You never made it to Texas, and I would have loved to participate in one of those...kept waiting for Dallas, or Houston, or Austin, or El Paso, or Lubbock, or Amarillo, or even Luckenbach or Cut And Shoot, TX to come up in the list...Alas, it was never to be!

Seriously, I would really dig the opportunity...if you're still doing them.

Thanks!

Dale

January 22, 2010 11:10 AM  
Blogger fellini said...

Well, is there something of this scope in the US, or do we have to hunt and peck to piece it together?

January 22, 2010 1:55 PM  
Blogger Saw-whet said...

Need more info sooner next year. So I can book the cheaper flights and cheaper rooms as I don't expect to sleep much when I am there. LOL

Strange KLM right now from Toronto to Dubai is less then $700.00 CDN.

January 22, 2010 10:51 PM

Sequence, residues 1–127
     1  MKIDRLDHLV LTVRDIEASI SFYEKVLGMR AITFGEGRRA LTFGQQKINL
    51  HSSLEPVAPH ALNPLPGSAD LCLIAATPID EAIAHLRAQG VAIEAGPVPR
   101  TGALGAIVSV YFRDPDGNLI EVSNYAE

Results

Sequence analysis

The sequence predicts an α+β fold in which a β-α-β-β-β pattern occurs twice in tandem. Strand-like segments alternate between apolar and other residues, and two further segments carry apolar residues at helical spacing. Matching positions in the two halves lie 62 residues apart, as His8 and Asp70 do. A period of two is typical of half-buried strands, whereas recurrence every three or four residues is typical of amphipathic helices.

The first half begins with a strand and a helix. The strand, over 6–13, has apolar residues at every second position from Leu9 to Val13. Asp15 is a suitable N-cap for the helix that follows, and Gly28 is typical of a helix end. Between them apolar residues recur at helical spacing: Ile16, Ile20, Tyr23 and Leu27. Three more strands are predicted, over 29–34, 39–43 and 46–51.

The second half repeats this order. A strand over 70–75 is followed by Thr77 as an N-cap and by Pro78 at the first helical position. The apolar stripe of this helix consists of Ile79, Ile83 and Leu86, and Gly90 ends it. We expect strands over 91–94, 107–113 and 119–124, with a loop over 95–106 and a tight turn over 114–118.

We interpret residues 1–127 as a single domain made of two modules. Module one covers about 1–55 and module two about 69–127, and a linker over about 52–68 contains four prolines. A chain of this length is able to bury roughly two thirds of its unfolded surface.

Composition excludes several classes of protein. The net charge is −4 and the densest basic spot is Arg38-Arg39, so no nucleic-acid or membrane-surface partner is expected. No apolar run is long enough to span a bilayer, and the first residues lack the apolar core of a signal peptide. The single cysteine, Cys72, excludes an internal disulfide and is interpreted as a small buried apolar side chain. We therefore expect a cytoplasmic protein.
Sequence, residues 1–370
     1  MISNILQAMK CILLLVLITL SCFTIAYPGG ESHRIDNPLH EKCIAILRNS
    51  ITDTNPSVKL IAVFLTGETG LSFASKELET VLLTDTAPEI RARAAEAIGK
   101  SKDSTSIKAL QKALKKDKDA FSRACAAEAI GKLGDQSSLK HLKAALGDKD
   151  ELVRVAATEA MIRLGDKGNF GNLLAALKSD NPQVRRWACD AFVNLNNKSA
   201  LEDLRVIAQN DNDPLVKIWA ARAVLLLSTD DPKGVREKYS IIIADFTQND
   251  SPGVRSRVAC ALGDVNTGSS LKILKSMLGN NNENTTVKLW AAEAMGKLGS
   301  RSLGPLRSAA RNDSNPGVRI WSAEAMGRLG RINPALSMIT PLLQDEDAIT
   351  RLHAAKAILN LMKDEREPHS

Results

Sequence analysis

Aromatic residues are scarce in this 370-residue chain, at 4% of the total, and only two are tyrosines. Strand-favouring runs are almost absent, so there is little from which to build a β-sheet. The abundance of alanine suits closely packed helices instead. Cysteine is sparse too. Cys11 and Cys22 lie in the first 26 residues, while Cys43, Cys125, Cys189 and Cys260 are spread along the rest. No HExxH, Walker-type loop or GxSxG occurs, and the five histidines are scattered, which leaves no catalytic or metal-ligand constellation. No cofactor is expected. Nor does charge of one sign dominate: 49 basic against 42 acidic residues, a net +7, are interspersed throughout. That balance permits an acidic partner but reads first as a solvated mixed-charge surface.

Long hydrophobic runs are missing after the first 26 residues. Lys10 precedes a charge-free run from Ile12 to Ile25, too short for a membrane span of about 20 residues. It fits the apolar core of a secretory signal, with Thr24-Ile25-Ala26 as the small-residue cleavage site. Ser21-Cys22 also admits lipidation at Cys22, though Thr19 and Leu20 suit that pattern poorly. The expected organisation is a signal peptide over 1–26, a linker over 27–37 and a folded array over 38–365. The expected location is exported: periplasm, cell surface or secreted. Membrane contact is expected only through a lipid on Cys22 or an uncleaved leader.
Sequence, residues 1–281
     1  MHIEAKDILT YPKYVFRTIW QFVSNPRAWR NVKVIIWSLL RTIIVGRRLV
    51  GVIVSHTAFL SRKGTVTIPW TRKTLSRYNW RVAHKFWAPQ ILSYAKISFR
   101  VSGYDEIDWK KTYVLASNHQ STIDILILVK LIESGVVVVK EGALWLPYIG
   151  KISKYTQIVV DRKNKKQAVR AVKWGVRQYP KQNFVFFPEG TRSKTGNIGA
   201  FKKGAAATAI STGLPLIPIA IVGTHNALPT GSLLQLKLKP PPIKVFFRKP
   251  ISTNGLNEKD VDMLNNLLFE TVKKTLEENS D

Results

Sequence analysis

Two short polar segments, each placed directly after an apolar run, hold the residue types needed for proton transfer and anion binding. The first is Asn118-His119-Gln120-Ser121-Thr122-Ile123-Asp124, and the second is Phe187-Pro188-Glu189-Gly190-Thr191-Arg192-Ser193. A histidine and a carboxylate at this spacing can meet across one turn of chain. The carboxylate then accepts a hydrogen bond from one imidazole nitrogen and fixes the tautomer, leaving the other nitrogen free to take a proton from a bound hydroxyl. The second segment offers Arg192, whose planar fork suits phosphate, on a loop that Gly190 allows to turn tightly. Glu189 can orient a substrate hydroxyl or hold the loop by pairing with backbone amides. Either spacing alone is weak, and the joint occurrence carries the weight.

Blogger David said...

@Chompers and Eric;

By that logic, I would certainly hope you don't own anything made in China, either. And I do come to Europe, even after what the Romans did a few years back.

Sorry to bristle, but you obviously do not know the people at GPP. It's run by an expat named Mohamed Somji, who, among other specialties, is a documentary photographer who is most interested in covering the lives of workers who have been brought in to build the buildings.

I even gave you a link to his blog, but I am guessing you did not read it.

FWIW, he is one of the more progressive, empathic people I know. And he made a point to show us both sides of Dubai, too. Mohamed, like me, is more comfy at Ravi's (where many of those workers eat) than at the Burj al Arab.


@Cailin-

In general, I would imagine that in a big city you are safer in EU than you are in the US. Similarly, in Dubai, you would be statistically safer than in an EU city.

Mohamed jokes that you could leave your gear in the open in the backseat of your parked car an in general not be worried about theft.

In answer to your question about covering, you will see a small percentage of traditional Islamic women who cover in public. But it is by no means required. IMO, at least 90% of the women dress to western standards.